“Perhaps the teachers think that with your excellent speech skills you will do a good job of explaining what Islam is,” suggested my mother. I envied the confidence of her belief and the way it infused all parts of her life so naturally. Even to her friends who were not Muslim, she never preached, but her wisdom and advice, which were born of her faith, were naturally woven into her words and actions. She never elaborated about Islam but rather of living a good life. The separated worlds that I inhabited were a series of disjointed, uncomfortable hyphens. Her worlds were connected together with content, respectful smiles.

I loved attending religious Sunday school. It was called
madrasah
, the Arabic word that simply means “school.” The mosque was not large enough to provide suitable teaching facilities for the several hundred students who attended the classes once a week, so a local school was usually hired out for the morning. We were divided into groups by age and had four lessons, each taught by a different teacher, who was normally a parent who volunteered their time to prepare and deliver the class. Each week we were given homework and at the end of term we were given reports, followed by an end-of-term-celebration, just like at school.

As I was still in the primary classes, we spent our lessons learning the basics of religion. First was the declaration of faith as a Muslim, “There is no god but One God, and Muhammad is the last messenger.” It was crucial to being Muslim to understand and really mean these two sentences. If someone wanted to become a Muslim, this is what they had to say. The first part meant taking all other gods out of your heart.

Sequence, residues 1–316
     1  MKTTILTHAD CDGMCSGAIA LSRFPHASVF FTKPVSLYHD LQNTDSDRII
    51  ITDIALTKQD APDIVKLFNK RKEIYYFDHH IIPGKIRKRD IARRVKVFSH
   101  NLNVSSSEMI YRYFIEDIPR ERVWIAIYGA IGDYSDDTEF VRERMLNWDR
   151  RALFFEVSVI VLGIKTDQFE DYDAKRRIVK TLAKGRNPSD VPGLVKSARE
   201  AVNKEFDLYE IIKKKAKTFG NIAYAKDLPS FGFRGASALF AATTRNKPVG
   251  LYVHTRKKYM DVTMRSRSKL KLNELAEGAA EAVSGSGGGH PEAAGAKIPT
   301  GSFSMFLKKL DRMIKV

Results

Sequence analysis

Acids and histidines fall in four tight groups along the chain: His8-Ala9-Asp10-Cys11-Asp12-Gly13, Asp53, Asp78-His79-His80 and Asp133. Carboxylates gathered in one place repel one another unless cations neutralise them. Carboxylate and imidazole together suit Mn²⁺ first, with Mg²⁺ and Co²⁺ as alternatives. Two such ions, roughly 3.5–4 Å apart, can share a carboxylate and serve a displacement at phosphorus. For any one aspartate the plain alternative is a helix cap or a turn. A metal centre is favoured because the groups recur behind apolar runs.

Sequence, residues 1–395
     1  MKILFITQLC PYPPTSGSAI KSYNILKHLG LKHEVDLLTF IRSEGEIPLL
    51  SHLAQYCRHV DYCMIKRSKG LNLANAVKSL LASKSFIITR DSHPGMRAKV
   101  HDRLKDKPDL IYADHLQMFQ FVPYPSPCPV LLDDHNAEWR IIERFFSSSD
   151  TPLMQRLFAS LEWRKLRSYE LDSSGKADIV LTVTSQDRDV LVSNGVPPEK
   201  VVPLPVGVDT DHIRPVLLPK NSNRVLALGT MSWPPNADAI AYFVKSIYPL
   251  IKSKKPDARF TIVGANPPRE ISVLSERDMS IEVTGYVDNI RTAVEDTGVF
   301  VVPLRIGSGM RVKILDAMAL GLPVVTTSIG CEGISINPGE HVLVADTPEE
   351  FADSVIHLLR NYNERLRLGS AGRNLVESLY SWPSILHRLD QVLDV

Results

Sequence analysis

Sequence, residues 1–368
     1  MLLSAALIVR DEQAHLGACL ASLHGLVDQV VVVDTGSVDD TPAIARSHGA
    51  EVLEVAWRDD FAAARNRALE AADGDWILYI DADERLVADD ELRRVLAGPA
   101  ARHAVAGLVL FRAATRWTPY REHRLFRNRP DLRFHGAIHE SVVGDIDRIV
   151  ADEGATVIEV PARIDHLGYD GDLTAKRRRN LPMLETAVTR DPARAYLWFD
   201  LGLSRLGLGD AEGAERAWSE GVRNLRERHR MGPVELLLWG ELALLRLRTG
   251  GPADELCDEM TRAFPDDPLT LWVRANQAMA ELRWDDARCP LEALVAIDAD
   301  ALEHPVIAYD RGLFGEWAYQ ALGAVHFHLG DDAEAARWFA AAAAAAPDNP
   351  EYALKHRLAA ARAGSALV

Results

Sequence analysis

My teacher used to joke, “Someone who says there is no god is already halfway to being a Muslim!” One God meant that this Being had no place, no time, and no physical shape. The belief that Muhammad was the last messenger was based in turn on believing that there were many prophets before him, like Moses, Abraham, Isaac, Ishmael, Noah, Joseph, Jesus, and so on. Prophet Muhammad came to give exactly the same message to human beings as all the other prophets: believe in God and be good human beings. I loved hearing the stories of all the prophets and all the different kinds of people that they lived among, and this was always my favorite part of
madrasah.

We also learned that Allah, which is the Arabic word for God, was kind, compassionate, and loving. God had created the whole universe, and human beings were the best of all creation. It always appealed to me to be the best. I was, after all, the child of Asian parents: only the top grades in any situation were sufficient. Finally, we were taught that the world we lived in was not the End. There was something more to come, and it would be called
jannah
, “paradise.” I imagined paradise would be like the inside of Willy Wonka’s chocolate factory.